A story of canals and beer


Moorhey Farm

Zachariah Jackson's story begins at MOORHEY FARM, Walsden in 1816, one of the sons of Thomas and Betty Jackson. Moorhey is a farm high above the Walsden valley bottom on the old packhorse road over to Littleborough.

His father earned his living a stone worker and he and his wife managed to raise seven sons to adulthood. Most followed into quarry work like their father or went to work in the cotton mills.



Zachariah grew up at Moorhey with his siblings, and they all no doubt got up to trouble and pranks with the children from the neighbouring farms such as ALLESCHOLES, White Slack and Reddyshore.

After Zachariah had sewn a few youthful wild oats, he left the hill top farm and by the mid 1830's had moved down to Lanebottom.

Here life was different, as he was working and earning a living for himself in a completely different environment to life on the farm. The nearest distraction after work was the SUN INN where he would no doubt have spent some of his leisure time with his mates taking in a few drinks and engaging in banter with the landlord, Ogden Mitchell.

Lanebottom, by kind permission of Roger Birch


Sun Inn

Zachariah fell for the charms of the landlord's daughter, Susan Mitchell, and in 1838 they were married. Susan's family were well known in the licensing trade. Her father, Ogden Mitchell, as stated, was landlord of the SUN INN and her grandfather John Mitchell had also been an innkeeper.

Her uncle, Martin Mitchell was landlord of the old White Lion, known as the GUERNING DOG and he later built the GREYHOUND INN at Wadsworth Mill, and at one point kept the new WHITE LION, also at Wadsworth Mill. Her brother Ogden also followed the family trade and became licensee of the Waggon and Horses Inn at Walsden for many years.

Zachariah and Susan were also to create many links through their own children, to other pubs in the area, but more of that later.

The newly wed Zachariah and Susan set up home at Lanebottom with Zachariah working as a labourer. A daughter Betty soon came along and in the mid 1840's, with a growing family, Zachariah got a job as a lock keeper. They lived at Lanebottom in Walsden and his job would have entailed looking after the locks along the stretch of the Rochdale canal in that area, Lightbank, Sands and Bottomley.

Lightbank Lock is conveniently situated just across the field from the Sun Inn, handy for a visit to the in laws.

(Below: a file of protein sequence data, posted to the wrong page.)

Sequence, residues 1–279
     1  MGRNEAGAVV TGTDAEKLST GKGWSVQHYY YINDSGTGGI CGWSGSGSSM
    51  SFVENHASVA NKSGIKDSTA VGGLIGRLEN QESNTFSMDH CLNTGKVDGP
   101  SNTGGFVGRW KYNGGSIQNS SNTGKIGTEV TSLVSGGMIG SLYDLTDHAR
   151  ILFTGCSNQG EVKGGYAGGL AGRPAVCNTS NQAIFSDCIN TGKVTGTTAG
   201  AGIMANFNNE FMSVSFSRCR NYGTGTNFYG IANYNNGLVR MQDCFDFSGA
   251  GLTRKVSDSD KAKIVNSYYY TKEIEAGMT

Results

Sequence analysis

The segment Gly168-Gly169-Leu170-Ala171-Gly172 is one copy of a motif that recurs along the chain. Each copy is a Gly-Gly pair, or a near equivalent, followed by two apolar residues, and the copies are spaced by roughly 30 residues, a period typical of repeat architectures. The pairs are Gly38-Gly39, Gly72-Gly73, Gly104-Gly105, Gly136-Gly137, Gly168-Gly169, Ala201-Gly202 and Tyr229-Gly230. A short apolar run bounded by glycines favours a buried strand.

Lightbank Lock with the Sun Inn beyond


The family had increased to six when Zachariah and Susan moved to Longlees or East Summit lock as it is sometimes called, where he and his family lived in the lock house and he supervised the working of this busy lock.


Longlees Lock House

For a time in the 1850's he left the area to go to Manchester but came back to live at Lanebottom still as a lock keeper and later went back to Longlees where he and his family again lived in the lock house and continued to do so for many years to come. He may have found Manchester a bit overpowering and missed his home in Walsden, where he had grown up, knew everybody and everybody knew him. Whatever the reason, he and Susan never left again.

Longlees would have been a busy area with local quarries and mills situated close by, all needing the use of the canal. Boats from Manchester bringing raw cotton for the mills would pass through the locks and Zachariah, along with his helpers would have been kept busy.

Besides making sure that the boats used the lock economically, he would also have to make sure they complied with the weight restrictions. The maintenance of the lock, greasing the mechanism, and making sure everything was working as it should, would have to be done at quiet times, so the job would have gone on well into the evening with no let up on the weekends or holidays.

Today the job of lock keeper is much the same and some of the qualities required are a good level of stamina and fitness, practical skills and a responsible attitude to health and safety. The health and safety issue wasn't one which our forebears took very seriously, judging by the amount of deaths and accidents on the canals at that time, but the main job description is much the same.

By 1861 he and Susan had produced twelve children, of whom eleven survived to adulthood. Not a bad feat in those days. Tragedy was never far away though, and it came when Susan died in the May of 1861, leaving Zachariah with the children. Seven of them were working, even the young 9 year old Ellen. The rest were at school and the youngest, some kind neighbour would no doubt have been looking after Martin at 10 months old until the older children took over, when they returned from work.

One daughter, Susannah, who would have been 3 at the time, was not with the family and she may have been with relatives in order to lighten the load a little, until she was old enough to go to school.